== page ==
Bob Rankin: Time To Upgrade Your Browser?

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If I had to guess the most-often used piece of software on most computers, I would have to go with the Web browser. The Internet is an integral part of most people’s computing experience these days, and the browser is the primary app for interacting with the online world. So it’s surprising to me how lax some people are about keeping their Web browsers up to date. Here’s why that’s so important, and how to get it done…

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PC Pitstop Newsletter – October 2010 #2

  • Largest Windows Patch Ever
  • PC Matic Helps Locate Stolen PCs
  • Erase Yourself on the Internet
  • Online Storage is Great
  • McAfee Harming WinPatrol Users
  • Why Net Neutrality is Good
  • 3 Tools for Extra PC Protection
  • Movie Review- The Social Network
  • Browser Wars Fall 2010
  • Tekzilla Tip- Start Windows Apps Fast
  • Tip 1 – Turn Pics into Mini World
  • Tip 2 – Fav4.org
  • Research – 79% Have No Security Worries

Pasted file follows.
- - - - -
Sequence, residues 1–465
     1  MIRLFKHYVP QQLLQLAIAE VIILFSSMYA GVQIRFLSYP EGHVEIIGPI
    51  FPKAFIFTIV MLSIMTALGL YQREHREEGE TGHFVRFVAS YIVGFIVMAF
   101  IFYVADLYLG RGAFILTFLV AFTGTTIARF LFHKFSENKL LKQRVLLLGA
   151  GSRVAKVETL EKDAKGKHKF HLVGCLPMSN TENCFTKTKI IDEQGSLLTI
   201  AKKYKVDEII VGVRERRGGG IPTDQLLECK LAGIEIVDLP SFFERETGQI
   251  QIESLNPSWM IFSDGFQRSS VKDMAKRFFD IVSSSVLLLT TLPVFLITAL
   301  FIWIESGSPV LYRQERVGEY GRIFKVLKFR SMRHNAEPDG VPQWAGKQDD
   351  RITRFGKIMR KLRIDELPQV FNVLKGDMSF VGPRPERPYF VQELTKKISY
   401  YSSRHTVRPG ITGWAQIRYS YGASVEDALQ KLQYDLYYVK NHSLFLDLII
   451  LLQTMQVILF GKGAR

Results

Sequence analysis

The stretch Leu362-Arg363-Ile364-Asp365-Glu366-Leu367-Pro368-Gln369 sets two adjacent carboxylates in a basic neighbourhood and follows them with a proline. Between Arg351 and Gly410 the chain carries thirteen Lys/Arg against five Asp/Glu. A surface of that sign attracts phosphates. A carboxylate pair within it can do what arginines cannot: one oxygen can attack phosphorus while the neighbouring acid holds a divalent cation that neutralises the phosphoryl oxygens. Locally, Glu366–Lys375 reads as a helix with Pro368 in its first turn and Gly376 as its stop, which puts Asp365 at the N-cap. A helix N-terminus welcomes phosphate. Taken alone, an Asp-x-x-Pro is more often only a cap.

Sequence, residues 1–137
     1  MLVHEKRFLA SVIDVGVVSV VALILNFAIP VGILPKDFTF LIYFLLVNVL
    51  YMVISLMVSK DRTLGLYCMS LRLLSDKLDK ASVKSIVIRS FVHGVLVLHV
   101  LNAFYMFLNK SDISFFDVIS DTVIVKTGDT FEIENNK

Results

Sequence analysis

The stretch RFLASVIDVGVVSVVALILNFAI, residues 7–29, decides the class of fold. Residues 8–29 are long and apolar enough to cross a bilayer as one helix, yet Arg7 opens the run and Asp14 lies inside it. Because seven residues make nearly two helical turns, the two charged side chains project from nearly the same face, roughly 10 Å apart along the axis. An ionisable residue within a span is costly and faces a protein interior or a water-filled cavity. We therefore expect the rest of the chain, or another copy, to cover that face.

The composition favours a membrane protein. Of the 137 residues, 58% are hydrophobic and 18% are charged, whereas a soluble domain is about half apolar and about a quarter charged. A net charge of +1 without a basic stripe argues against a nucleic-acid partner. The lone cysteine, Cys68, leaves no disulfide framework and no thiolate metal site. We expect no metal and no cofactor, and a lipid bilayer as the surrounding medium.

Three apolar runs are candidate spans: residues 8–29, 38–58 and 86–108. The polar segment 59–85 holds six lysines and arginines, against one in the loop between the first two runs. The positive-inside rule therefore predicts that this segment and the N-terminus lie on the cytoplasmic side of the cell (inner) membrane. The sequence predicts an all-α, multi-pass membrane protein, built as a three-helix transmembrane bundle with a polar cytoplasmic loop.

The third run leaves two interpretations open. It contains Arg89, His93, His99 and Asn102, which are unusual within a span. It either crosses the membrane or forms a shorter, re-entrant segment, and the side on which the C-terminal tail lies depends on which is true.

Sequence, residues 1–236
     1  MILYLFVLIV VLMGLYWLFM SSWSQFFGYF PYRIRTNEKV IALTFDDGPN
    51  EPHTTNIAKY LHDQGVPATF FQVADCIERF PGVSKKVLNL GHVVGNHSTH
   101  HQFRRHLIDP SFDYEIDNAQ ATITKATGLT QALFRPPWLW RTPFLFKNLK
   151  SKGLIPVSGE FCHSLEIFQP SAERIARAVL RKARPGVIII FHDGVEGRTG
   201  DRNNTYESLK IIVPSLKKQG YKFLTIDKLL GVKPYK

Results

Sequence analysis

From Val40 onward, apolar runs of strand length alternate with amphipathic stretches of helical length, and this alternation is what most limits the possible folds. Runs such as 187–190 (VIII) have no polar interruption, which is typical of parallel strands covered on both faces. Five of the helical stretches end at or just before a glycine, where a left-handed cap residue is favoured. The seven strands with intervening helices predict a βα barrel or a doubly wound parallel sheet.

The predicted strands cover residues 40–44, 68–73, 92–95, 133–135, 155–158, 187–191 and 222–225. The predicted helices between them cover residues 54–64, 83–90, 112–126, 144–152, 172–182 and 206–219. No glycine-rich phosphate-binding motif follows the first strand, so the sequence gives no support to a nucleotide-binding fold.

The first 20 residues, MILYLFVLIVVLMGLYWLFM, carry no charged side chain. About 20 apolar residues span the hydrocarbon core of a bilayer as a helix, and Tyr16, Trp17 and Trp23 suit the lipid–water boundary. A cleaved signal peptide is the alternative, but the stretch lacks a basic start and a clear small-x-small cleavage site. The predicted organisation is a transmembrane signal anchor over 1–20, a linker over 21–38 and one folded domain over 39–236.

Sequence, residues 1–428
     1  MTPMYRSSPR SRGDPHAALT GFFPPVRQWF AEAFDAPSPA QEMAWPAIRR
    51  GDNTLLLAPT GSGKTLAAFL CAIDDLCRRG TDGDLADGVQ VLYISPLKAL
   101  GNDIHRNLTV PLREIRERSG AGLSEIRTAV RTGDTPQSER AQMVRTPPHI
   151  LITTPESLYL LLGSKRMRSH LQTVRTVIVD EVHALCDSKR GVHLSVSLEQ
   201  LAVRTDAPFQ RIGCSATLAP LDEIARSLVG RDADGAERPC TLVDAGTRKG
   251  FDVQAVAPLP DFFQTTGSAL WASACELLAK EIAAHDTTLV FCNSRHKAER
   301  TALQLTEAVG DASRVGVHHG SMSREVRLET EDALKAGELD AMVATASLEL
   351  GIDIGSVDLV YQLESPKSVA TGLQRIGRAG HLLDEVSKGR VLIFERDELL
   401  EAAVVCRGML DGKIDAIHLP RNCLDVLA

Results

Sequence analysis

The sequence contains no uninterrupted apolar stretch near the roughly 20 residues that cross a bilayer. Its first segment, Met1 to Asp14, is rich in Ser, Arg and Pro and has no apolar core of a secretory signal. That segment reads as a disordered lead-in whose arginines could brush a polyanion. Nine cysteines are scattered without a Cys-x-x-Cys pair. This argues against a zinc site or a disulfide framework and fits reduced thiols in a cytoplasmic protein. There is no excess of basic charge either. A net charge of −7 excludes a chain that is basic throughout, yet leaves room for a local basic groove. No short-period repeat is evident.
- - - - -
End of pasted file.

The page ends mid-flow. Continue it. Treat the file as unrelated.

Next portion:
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    Bits from Bill Pytlovany: Using Internet Explorer 6, Are you Kidding Me?

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    By Bill Pytlovany

    One of the fun reasons of hosting many websites is the information that I can collect from all the visitors.  No, I can’t tell how old you are, what you wearing or other personal information but all web administrators collect information like what browser you’re using, your operating system, language and even your screen size.

    Ultimately this information is used by website administrators to make your experience on the website more attractive and more compatible with your machine.  It’s one way of telling how many people are still using Microsoft Windows and how many people are using Internet Explorer versus Firefox or Chrome

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    Browser Wars 2009 Produces Big Losers

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    How long before Google dominates the browser market? Is it poised to replace Microsoft as the Dominant force in computing?

    Changes seen this year are substantial, but the rate of change doesn’t seem to be the story here. It’s the fact that two major players allowed for substantial gains by Chrome, Firefox, and even Opera. Safari’s failure to supply a browser that works as well on Windows as it does on Mac, along with Google’s release of Chrome for Mac OS X, put Chrome in the number 3 position over Safari but well behind FireFox.
    Internet Explorer and Safari had combined losses of 7.48% while Chrome, Firefox and Opera had combined gains of 7.35%.

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